That's what we call democracy!

Hope the outcome of your election is quicker to establish the Government.

Nadege said...

I vote "permanent absentee ballot" by mail. So much faster and easier. Our state elections are June 3rd but I already voted.

Bob said...

I guess the results should be in by now and hope it went the way you wanted. You have to "speak" with your vote. Not sure about compulsory voting.

Autolycus said...

>>(Remember this quote? :))<<

I note you "only said it wernce"...!

These were local and European elections in the UK, so the turnout was low (maybe we should go to compulsory voting, as long as there's a "none of the above" option on the ballot paper: something which might reduce the impact of the "anti-politics" vote for wacko parties and candidates, incidentally). I dropped in on the way to buy my paper, and was out again in 5 minutes or so, having a very clear idea about the voting strategy to employ. Didn't quite work as intended, though, but that's my fellow-citizens for you.

Travel said...

I am usually in and out in 15-20 minutes, one election I waited in line for over three hours. When I worked as an election official, our goal was to move the line in less than 30 minutes or call for back-up.

VirginiaC said...

I totally agree with carrying out your civic duty, but I am not sure I would like compulsory voting.
Your voting process this time around was tedious I suppose but necessary.

Food, Fun and Life in the Charente said...

We got our vote in as well, it was quite quiet in our village.

Hope that you are well, take care Diane

ladybird said...

Chm, I know exactly what you mean. Happens to me all the time :) I think compulsory voting is a good thing, although not always very pleasant or convenient.

Gaynor, The UK is not the only country that voted against the EU. France and the Netherlands also have a strong anti-EU fraction. As for our new government ... fingers crossed!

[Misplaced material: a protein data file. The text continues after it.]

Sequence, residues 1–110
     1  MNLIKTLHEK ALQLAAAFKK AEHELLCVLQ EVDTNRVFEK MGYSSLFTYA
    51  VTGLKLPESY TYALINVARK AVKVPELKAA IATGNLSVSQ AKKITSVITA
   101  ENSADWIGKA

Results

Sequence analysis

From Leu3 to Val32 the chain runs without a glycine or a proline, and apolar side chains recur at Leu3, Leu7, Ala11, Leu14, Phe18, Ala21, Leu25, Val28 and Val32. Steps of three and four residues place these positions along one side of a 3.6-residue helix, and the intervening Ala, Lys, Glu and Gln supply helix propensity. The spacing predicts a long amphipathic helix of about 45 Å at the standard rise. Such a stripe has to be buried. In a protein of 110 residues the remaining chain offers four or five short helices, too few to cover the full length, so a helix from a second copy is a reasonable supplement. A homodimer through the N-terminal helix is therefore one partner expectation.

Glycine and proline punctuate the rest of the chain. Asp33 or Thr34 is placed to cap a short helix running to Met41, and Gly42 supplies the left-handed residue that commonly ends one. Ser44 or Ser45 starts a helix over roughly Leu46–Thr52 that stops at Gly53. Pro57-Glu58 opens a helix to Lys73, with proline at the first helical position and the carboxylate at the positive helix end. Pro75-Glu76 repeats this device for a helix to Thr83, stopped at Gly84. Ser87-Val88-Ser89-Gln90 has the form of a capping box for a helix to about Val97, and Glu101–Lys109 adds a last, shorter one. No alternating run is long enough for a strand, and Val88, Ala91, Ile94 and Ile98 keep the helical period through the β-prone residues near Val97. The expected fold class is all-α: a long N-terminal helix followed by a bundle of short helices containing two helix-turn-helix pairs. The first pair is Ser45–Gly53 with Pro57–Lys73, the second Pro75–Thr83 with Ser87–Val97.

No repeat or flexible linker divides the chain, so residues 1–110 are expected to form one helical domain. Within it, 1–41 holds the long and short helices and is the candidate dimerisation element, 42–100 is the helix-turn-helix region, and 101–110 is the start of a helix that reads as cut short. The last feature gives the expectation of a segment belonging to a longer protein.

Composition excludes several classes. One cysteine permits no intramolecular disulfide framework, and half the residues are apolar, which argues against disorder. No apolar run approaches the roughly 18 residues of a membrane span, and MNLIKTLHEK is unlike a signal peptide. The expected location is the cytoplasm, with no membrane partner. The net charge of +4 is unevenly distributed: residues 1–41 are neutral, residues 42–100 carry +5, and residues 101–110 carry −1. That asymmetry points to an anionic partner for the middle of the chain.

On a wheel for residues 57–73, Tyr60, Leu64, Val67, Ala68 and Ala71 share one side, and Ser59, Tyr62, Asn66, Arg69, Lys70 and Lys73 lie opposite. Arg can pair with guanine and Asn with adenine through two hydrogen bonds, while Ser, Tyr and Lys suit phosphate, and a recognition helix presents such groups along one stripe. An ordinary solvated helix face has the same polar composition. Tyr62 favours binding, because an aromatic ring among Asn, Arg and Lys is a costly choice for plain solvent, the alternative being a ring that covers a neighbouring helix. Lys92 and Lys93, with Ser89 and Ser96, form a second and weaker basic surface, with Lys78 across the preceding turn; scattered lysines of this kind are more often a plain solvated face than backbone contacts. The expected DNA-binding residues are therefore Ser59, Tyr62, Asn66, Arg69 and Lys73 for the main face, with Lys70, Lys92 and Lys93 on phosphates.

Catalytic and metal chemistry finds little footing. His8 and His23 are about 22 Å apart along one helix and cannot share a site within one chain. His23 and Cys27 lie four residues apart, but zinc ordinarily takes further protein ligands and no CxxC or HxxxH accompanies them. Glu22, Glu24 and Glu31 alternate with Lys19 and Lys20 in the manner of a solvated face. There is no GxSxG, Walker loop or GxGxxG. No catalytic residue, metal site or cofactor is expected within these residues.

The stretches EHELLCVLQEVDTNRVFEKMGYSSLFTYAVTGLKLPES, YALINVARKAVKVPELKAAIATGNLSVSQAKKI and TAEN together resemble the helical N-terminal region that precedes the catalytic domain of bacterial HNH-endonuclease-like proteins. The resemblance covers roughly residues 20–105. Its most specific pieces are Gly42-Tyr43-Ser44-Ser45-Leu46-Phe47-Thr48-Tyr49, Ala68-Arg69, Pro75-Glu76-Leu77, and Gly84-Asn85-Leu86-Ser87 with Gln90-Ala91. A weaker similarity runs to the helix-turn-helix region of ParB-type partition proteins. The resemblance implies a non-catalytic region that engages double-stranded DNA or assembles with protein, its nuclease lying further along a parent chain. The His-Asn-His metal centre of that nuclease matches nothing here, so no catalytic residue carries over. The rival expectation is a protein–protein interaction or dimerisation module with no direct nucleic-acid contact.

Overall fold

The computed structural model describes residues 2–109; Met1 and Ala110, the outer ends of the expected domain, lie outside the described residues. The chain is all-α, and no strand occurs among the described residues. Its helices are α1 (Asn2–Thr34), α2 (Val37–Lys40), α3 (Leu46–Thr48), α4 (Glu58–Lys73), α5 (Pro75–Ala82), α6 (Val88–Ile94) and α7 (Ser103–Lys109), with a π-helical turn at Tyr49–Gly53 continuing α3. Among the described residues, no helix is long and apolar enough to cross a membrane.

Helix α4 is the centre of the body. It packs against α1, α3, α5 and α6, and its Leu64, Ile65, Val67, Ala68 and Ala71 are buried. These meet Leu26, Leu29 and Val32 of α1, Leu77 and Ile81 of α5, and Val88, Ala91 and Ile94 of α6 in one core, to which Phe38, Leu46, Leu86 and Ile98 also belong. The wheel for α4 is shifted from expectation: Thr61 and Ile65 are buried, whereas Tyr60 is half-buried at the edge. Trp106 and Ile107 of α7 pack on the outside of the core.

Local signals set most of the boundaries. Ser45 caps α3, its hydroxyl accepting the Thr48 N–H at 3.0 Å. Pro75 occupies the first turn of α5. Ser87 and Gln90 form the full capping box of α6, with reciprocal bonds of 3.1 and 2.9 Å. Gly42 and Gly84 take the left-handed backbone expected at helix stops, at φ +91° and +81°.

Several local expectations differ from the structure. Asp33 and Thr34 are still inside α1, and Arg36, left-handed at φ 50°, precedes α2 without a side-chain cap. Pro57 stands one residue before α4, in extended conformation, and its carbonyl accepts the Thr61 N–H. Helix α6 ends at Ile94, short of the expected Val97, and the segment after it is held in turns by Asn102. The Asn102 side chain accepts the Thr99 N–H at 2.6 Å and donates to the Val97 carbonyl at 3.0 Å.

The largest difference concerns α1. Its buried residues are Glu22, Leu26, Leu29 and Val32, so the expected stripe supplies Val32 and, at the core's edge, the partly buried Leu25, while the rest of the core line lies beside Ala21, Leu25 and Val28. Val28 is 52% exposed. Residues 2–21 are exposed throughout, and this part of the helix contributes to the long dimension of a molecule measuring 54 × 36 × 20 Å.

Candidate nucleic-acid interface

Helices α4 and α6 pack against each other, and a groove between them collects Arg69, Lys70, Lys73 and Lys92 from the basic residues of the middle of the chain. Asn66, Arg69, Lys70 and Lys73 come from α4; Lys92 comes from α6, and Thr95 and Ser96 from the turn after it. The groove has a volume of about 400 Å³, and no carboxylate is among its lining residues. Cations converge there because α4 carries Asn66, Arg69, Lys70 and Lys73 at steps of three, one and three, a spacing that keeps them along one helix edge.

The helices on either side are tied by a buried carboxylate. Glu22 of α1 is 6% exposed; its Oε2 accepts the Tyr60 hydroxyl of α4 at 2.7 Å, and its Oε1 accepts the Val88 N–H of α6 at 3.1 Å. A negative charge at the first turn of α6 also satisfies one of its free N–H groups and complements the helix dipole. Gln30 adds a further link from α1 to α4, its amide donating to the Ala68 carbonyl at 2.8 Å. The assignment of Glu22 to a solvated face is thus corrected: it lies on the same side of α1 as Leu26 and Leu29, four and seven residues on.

Nadege, Do you still vote in France too?

Bob, The election results were not what I had hoped for, but leave sufficient acceptable (for me) options when it comes to forming the new government. It happens that the winner is not the one who gets to rule ... Too complex to explain here, though!

Autolycus, Right! I think it was Captain Bertorelli in 'Allo Allo' who used the expression? As for the ballot: lucky you ... only five minutes!! For the outcome ... see my answer to Gaynor's comment.

Penguin, Three ours!!!! I would have gone home or stepped out for a drink :)

Virginia, This was the first time that I had to queue twice. In the past my mother always voted herself. However, her failing mobility does no longer allow her to go out and stand in line that long.

Diane, Voting being compulsory in Belgium automatically brings out everybody at the same time (before noon)... in order not to spoil the rest of the day.

Nadege said...

No, I don't vote in France. I haven't had a french passport in years. I probably would have to apply for french citizenship if I wanted to.
I am not sure about the rest of the US, but permanent absentee ballot is popular in California. You just vote by mail; it is that simple.